When the fixture 10 is first set up for the tank half 13, reference lines 44 and 46 are applied to the upper surface of the base 12 and positioned to be engaged by the beams from projectors 16 and 18 if the projectors are in proper alignment. This provides a visual check to the operator prior to positioning the part 13.

Once the part 13 is positioned, the laser transmitters 16 and 18 are activated to project light beams downwardly which upon impact with the part 13 produce light registration lines of 48 and 50 on the surface of the part 13. With the light registration lines 48 and 50 in position, the graphic material, such as a decal 52, can be accurately positioned on the contoured surface in a repeatable manner. The lasers are non-destructive, provide a relatively tight tolerance, are independent of the contour of the part and the graphics being used. Lasers are particularly suited for showing marks on black or dark parts where a scribe mark would be difficult to see. The method according to the invention is more rapid than prior art methods which require the application of a template, marking of the part, removing the template and applying the trim. In addition, because the laser beam is projected from above, application of the decal 52 does not cover the light registration lines 48 or 50 which would be the case with a scribe mark. Moreover, the use of lasers permits the application of the registration lines 48 or 50 without touching the cosmetic surface of the part 13.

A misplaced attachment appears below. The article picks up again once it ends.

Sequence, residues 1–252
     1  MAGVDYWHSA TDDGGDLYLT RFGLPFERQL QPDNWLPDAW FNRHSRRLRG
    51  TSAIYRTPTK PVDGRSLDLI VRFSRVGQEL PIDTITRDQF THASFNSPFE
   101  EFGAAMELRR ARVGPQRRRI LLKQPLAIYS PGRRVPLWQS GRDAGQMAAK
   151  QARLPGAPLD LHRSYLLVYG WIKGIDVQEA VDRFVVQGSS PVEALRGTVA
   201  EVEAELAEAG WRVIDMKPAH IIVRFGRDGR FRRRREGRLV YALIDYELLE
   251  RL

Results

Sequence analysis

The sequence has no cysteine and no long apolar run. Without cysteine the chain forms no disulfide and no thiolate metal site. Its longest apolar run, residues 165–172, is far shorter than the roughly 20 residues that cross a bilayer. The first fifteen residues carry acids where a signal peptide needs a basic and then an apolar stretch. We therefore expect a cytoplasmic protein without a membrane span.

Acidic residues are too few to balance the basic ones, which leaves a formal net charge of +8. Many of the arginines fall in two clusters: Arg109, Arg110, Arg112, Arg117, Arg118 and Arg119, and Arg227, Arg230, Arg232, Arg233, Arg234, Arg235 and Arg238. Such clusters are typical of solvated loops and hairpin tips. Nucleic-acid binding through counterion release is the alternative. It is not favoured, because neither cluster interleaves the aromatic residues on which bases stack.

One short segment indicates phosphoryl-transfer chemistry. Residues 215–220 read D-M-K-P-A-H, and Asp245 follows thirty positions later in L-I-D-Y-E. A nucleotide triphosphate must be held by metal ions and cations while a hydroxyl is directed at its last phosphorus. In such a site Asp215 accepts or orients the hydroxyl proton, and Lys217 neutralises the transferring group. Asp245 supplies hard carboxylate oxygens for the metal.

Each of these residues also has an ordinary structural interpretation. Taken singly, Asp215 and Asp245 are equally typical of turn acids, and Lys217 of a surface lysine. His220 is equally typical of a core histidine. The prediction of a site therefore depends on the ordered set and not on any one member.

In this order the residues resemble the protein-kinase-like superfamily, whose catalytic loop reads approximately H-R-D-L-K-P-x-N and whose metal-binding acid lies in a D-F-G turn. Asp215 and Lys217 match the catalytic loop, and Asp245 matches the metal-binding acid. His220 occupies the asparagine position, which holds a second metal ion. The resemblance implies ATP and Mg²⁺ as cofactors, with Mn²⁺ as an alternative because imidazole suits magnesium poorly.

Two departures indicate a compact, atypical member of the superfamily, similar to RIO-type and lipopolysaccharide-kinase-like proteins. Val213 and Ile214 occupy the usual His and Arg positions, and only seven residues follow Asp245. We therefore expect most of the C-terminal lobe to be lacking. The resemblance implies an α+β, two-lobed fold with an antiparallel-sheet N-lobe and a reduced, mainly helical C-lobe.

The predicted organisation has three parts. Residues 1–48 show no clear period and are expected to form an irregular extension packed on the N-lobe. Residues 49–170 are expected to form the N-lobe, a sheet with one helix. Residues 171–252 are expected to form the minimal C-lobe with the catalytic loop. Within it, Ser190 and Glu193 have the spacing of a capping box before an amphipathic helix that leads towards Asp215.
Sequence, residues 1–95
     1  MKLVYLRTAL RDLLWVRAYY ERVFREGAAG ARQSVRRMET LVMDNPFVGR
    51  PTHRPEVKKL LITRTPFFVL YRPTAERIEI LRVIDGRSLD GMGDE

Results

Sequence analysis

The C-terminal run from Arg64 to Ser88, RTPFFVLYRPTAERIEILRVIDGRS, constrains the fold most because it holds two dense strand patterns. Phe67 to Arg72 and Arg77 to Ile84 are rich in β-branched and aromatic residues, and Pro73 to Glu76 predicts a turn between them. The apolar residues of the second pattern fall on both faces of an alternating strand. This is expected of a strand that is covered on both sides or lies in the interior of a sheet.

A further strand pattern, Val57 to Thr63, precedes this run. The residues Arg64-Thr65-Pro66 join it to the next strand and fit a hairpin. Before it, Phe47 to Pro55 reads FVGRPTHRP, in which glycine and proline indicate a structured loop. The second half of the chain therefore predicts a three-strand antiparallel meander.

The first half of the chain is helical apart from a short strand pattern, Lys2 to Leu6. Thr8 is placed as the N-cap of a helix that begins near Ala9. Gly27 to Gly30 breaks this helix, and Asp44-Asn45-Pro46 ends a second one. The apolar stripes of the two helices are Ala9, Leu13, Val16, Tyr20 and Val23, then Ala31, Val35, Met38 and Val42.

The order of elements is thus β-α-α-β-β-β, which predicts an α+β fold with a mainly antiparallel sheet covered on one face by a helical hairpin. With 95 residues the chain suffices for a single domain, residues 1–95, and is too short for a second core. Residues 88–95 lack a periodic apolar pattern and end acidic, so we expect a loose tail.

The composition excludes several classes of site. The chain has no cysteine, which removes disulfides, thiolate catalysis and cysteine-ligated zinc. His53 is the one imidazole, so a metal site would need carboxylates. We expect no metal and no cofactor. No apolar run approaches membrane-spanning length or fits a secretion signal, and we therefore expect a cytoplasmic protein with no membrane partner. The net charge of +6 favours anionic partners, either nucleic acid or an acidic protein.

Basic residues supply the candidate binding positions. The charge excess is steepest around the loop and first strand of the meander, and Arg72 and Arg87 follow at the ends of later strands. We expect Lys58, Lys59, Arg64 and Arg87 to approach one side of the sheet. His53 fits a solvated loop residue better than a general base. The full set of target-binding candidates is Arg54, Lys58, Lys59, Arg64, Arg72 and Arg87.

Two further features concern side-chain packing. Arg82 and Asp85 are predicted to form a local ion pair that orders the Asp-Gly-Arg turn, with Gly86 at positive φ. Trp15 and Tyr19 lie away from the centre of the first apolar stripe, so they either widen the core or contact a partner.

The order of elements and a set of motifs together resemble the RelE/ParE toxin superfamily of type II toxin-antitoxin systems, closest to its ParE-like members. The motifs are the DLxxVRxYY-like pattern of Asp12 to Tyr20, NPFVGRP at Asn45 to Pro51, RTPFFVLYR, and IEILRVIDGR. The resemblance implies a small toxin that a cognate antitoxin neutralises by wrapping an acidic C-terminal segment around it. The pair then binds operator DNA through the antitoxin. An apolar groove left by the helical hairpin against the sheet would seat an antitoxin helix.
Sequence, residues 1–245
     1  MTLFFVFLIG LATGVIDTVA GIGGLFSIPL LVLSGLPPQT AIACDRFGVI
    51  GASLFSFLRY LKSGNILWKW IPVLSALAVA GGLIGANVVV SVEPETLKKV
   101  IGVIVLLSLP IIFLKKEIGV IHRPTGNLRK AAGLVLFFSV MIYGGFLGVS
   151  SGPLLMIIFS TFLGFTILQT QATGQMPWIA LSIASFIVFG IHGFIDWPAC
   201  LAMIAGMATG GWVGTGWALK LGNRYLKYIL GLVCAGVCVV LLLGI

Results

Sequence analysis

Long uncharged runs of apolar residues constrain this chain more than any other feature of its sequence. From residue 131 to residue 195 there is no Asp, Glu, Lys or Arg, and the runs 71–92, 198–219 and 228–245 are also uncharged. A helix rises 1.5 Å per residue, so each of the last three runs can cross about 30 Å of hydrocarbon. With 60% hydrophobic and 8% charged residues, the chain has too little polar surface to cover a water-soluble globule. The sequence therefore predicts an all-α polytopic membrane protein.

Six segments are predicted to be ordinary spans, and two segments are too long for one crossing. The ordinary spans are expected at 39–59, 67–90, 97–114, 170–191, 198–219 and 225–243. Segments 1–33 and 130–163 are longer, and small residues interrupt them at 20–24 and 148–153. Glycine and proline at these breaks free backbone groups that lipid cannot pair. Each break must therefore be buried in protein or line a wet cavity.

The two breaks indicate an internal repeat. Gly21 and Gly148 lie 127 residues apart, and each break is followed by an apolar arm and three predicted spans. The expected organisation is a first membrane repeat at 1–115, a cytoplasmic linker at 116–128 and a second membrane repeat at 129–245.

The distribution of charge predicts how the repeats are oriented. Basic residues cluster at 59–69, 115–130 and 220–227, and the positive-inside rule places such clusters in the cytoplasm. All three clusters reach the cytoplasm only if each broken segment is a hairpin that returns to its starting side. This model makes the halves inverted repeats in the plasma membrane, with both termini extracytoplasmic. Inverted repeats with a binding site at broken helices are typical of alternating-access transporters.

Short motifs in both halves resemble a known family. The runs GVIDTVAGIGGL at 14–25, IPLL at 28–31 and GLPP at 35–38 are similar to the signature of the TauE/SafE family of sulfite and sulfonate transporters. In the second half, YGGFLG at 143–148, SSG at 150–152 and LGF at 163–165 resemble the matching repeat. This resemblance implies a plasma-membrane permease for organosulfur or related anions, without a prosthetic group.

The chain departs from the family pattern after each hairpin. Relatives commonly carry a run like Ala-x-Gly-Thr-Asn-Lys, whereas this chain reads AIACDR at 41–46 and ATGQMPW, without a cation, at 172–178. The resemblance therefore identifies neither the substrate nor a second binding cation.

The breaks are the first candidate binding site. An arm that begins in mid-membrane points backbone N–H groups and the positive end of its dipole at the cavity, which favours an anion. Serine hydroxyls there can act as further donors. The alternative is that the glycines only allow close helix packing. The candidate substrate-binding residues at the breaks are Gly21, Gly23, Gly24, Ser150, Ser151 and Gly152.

The invention also contemplates an automated system in which the laser transmitters and a clamp for the part would be mounted on robot arms which would be controlled by a microprocessor which would receive coded data regarding the part such as from a bar code scanner, for example.

While only a single embodiment of the invention has been illustrated and described, it is not intended to be limited thereby, but only by the scope of the appended claims.

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Referenced by
Citing PatentFiling datePublication dateApplicantTitle
US5737845 *Jul 11, 1996Apr 14, 1998Lear CorporationMethod and apparatus for measuring deviations of an automobile vehicle seat from design specifications
US5836081 *May 29, 1996Nov 17, 1998Charles F. SchroederLight beam leveling means and method
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Classifications
U.S. Classification33/286, 33/549, 33/DIG.21, 353/28
International ClassificationG01B11/27
Cooperative ClassificationG01B11/27, Y10S33/21
European ClassificationG01B11/27
Legal Events
DateCodeEventDescription
Mar 1, 2005FPExpired due to failure to pay maintenance fee
Effective date: 20041231
Jan 3, 2005LAPSLapse for failure to pay maintenance fees
Jul 21, 2004REMIMaintenance fee reminder mailed
Mar 28, 2000FPAYFee payment
Year of fee payment: 4
May 19, 1995ASAssignment
Owner name: HARLEY-DAVIDSON MOTOR COMPANY, WISCONSIN
Free format text: ASSIGNMENT OF ASSIGNORS INTEREST;ASSIGNORS:RANK, DAVID BRIAN;BONEBRAKE, RANDALL A.;STONER, SPURGEONC.;REEL/FRAME:007510/0021;SIGNING DATES FROM 19950508 TO 19950510